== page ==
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Is That PDK Safe to Use Yet?

Is That PDK Safe to Use Yet?
by Daniel Payne on 10-28-2016 at 12:00 pm

In our semiconductor ecosystem we have foundries on one side supplying all of that amazing silicon technology, and IC designers on the other side that take their system ideas then go implement them in a SoC using a specific foundry. The required interface between foundry and chip designers has been the Process Design Kit (PDK), a collection of files that define how the silicon should work:

  • SPICE models for transistor behavior
  • Layout Parasitic Extraction (LPE) decks that define the physical interconnect in terms of resistors, capacitors and inductor
  • Design Rule Checks (DRC) that define how the physical IC layout should be done in order to yield properly
  • Layout Versus Schematic (LVS) decks that specify how transistor-level netlists should compare between layout and logical

Getting the PDK files right is really important because with small process nodes we have Layout Dependent Effects (LDE), for example the Vt of one transistor depends on how close it is physically placed next to another transistor or even a contact. Same issue with the mobility of a transistor, it depends on physical placement. Parasitic values can now dominate the speed of a transistor, so knowing how to extract them properly impacts the accuracy of timing analysis tools..

We all know that software is mostly written by hand, so that means that bugs can creep into the tool by accident. Well, the PDK is just a bunch of files that can be manually or automatically generated, and yes, these files may be off a bit, so what to do? If you’re an automation company you would come up with a way to create a QA tool for PDK creators and PDK users. This is exactly what the engineers at Platform DA have come up with, a QA toolset for the foundries that create the PDKs and for the circuit designers that use PDKs. They call their tool PQLab, and I just learned more about it.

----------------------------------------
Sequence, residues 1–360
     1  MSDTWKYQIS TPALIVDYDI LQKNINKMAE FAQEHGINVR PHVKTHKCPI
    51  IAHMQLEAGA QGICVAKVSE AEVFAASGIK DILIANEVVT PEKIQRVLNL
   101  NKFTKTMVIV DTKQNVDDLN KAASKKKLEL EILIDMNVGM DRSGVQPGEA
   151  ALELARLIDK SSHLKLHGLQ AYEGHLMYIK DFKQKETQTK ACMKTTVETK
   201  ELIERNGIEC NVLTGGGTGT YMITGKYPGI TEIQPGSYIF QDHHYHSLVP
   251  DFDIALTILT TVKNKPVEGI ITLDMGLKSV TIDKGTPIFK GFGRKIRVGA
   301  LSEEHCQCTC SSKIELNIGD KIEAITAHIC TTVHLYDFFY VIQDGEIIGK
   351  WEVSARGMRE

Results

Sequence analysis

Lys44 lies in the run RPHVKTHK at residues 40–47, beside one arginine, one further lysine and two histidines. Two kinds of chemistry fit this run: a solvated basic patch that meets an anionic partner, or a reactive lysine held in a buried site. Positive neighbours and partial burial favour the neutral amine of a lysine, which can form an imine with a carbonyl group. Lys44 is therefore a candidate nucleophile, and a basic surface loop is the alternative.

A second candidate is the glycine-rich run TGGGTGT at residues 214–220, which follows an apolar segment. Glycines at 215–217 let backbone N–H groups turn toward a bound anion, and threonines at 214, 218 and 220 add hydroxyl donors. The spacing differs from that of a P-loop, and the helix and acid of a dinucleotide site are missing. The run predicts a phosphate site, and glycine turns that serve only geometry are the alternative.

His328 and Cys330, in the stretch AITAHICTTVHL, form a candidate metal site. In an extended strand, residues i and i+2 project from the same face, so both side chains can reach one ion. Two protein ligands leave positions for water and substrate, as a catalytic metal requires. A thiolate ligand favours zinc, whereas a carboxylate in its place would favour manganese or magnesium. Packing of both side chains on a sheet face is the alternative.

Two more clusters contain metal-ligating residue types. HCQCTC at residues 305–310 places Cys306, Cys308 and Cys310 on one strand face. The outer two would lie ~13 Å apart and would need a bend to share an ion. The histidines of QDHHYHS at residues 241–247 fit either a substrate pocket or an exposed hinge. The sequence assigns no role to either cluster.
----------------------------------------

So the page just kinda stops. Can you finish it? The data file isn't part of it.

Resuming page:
Related blog – Are your Transistor Models Good Enough?

A chip designer has certain questions about the PDK:

  • What just changed when going from PDK v.1 to v.2?
  • How does a PDK change impact my IC project?
  • Which foundry should I use for my next IC design?
  • Is there a way to benchmark different PDKs of two different design flows quickly?
  • How does LDE, statistical variation and parasitics impact my design?

At the foundry the PDK engineering team has their own set of questions:

  • Are all of my PCell combinations DRC clean?
  • Will all of my PCell combinations be LVS clean?
  • Can I compare the pre-layout versus post-layout circuit simulation results for typical cells?
  • What just changed when going from PDK v.1 to v.2?

The approach used by PQLab is to help answer these questions through a set of QA features designed just for PDKs:

Starting with the DRC and LVS side of QA first, the idea is to automatically and randomly place cells from the Pcell library next to each other and then run a popular DRC/LVS tool like Calibre from Mentor Graphics to check that all combinations are actually clean and without any errors:

If DRC or LVS errors are found with certain cell combinations, then the foundry goes back and fixes those cell layouts and re-runs QA to ensure that each error has been fixed.

For the simulation QA there are three major tasks:

  • Correlate SPICE models pre-layout versus post-layout
  • Compare the device simulation specs like Vth, Idsat, etc. at pre-layout and post-layout conditions across a range of circuits
  • Compare any differences between design flows with popular circuit simulators (HSPICE, Spectre) and extraction-based netlists from extractors (StarRC from Synopsys, Quantas QRC from Cadence, Calibre XRC from Mentor)

The third and final area of QA checking with the PQLab tool is PDK comparisons, where there are five criteria:

  • PDK file comparison
  • PCell property comparison
  • CDF comparison
  • PCell default layout and original position
  • Simulation results comparison

PDK files continue to be the way that foundries and designers interface, so we need to be sure that all of the PDK files are consistent and correct. The PQLab tool from Platform DA provides the needed automation for PDK developers to ensure that they have the highest quality before releasing. IC designers can now quickly determine if a particular foundry PDK is going to provide them the performance and power requirements being sought and know what has changed between versions of a PDK. The QA process for a PDK doesn’t have to take weeks using semi-automated methods, now with some automation it can take only hours to complete. Foundries are using the PQLab tool to save time and produce PDK files that are solid.

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